Throughout the 1980s Thomas Allen was one of the handful of serious international voices who maintained a regular relationship with the Coliseum; and, without slight to the week-in, week-out excellence of ENO, it has to be said that the occasional presence of someone in that league does make a difference - as it does in the current revival of Rigoletto, which has Janice Watson as the Gilda. It's her debut in the role, and she's a joy to hear, with an endearing but not winsome innocence, a bright, clear top, and a secure technique that underpins the whole performance. Peter Sidhom's Rigoletto was eclipsed (he had apparently been ill, and wasn't in good voice or presence: there was very little fire in the attack), and so was just about everything else - except Jonathan Miller's New York Mafioso staging which, after 14 years of come-backs, is as on-target as ever. The West Side Story-style sets still cast their melancholic, Edward Hopper spell. When the overture ends and the curtain rises on Miller's gangland bar, the below-the-belt surprise of cultural disorientation never fails. And the glimpsed world of off-centre detail - bent policemen turning blind eyes, gangsters' molls knowing their place - is endlessly fascinating. ENO periodically threatens to retire this Rigoletto, but I can see it doing business until the sets disintegrate.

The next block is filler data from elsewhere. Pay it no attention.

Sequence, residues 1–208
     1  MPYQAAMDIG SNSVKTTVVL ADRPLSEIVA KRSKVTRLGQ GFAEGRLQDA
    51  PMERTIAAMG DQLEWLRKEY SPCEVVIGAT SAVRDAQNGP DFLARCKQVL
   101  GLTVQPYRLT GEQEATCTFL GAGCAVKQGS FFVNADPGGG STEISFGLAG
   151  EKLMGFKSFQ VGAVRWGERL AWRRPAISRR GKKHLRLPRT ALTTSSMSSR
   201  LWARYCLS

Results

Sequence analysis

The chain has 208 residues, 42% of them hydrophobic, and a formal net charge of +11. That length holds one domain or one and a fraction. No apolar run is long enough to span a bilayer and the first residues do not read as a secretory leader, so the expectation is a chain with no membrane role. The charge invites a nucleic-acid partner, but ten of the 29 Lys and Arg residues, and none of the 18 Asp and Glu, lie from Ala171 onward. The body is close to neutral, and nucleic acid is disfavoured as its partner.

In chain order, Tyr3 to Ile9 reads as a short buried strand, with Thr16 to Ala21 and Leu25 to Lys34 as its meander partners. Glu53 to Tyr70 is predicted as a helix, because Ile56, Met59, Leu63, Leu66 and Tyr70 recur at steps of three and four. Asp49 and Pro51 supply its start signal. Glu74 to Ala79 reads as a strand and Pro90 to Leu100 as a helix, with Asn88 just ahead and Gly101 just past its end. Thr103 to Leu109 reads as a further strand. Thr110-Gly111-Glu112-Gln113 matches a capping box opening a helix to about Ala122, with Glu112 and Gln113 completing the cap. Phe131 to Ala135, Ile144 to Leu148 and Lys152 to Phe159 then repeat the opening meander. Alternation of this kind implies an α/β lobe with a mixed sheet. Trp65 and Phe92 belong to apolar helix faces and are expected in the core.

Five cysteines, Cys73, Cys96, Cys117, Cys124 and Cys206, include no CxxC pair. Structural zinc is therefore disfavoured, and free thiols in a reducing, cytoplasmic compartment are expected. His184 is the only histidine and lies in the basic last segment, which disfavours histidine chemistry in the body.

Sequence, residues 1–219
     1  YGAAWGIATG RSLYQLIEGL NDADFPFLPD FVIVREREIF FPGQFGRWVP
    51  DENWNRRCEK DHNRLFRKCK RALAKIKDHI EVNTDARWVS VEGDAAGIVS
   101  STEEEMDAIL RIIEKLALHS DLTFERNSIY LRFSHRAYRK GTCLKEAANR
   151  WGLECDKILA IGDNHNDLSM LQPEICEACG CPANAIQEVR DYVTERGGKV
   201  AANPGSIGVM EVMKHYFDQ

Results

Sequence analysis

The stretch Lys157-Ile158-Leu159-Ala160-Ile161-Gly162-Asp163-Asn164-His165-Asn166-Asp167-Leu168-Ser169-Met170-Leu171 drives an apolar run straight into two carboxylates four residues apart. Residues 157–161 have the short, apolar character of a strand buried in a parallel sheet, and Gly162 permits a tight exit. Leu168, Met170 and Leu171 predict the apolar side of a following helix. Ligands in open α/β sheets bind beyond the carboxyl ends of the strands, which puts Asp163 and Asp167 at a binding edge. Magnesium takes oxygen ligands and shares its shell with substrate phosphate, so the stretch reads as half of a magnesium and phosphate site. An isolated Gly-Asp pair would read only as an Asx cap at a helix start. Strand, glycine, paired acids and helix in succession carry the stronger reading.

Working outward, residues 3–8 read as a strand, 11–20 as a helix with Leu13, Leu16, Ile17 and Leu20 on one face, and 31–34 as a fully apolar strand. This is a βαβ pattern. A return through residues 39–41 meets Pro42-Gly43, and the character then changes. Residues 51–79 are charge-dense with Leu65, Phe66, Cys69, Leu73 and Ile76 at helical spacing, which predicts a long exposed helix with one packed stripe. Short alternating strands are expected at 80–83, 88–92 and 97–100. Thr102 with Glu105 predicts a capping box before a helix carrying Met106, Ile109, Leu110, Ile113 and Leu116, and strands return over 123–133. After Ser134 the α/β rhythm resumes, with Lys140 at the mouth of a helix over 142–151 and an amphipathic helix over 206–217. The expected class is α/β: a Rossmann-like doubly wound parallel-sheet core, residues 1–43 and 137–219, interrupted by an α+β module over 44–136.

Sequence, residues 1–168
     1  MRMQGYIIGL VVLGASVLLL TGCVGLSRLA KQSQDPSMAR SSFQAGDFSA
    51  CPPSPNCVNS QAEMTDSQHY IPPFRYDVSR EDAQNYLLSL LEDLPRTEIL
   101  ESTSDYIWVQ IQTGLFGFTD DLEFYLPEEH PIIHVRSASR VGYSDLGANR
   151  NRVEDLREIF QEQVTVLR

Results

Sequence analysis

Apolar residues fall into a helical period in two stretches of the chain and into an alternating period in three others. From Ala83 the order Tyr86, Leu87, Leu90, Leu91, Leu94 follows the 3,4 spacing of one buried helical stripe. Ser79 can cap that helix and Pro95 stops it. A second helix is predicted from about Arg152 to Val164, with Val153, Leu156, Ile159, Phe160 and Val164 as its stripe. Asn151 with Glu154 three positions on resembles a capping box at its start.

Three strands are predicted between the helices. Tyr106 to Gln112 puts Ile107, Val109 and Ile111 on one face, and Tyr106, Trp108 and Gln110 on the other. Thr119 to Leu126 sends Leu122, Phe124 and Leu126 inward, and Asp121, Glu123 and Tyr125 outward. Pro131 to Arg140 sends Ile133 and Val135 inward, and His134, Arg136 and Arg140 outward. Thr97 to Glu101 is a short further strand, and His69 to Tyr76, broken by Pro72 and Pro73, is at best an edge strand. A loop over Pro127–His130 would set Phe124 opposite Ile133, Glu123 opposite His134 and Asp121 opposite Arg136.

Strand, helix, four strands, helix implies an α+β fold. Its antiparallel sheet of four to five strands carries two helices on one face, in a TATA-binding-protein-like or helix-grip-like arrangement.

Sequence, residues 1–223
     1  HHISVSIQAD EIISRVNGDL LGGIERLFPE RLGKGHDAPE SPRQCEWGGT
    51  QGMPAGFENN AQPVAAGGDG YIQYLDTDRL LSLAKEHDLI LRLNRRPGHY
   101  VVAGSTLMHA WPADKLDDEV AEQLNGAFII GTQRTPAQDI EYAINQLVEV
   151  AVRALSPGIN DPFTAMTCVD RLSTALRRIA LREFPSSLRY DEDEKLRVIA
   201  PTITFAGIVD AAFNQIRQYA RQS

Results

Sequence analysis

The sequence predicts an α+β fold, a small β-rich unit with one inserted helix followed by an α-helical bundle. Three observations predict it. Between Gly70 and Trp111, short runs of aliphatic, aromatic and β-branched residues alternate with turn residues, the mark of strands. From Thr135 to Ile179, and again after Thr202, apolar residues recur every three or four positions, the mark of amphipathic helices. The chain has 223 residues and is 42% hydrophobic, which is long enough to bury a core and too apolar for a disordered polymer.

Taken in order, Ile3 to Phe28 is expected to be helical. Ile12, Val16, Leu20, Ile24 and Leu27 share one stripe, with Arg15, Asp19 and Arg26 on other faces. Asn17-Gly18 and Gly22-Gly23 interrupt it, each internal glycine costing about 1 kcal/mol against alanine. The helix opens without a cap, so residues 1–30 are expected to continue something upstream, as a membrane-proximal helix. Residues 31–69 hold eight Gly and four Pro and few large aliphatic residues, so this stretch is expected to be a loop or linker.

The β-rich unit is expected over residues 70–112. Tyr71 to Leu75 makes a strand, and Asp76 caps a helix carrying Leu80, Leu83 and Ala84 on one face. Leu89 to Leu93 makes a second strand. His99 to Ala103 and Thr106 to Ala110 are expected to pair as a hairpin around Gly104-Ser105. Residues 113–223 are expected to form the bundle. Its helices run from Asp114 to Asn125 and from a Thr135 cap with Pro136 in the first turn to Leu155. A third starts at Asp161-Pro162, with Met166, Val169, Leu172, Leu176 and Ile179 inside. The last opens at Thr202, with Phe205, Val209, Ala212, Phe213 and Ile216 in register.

A few subway stops from the real 1950s Little Italy, you'd have found two composers independently writing small-scale stageworks about mid-life insecurity and what happens when the American Dream wakes up. One, a jewel- like 10-minute comedy, was Samuel Barber's A Hand of Bridge; the other was Leonard Bernstein's Trouble in Tahiti, a tragicomic 45-minute vaudeville which Bernstein later enlarged into the full opera A Quiet Place; they both played this week at the Southwark Playhouse, in highly effective little productions by Paul Baillie that got a lot out of very little in the way of physical resources. They underestimated the true operatic claims of both the pieces by casting them with too many West End voices: the intonation of the sardonic, smiling scat singers in Tahiti needs to be razor-sharp for the joke to work. But Dinah, the troubled, disconnected housewife Bernstein almost certainly modelled on his own mother, was impressively done by Lori Isley Lynn: an American whose voice and career-credits resist categorisation but amount to something striking that I'd be pleased to hear in grander circumstances.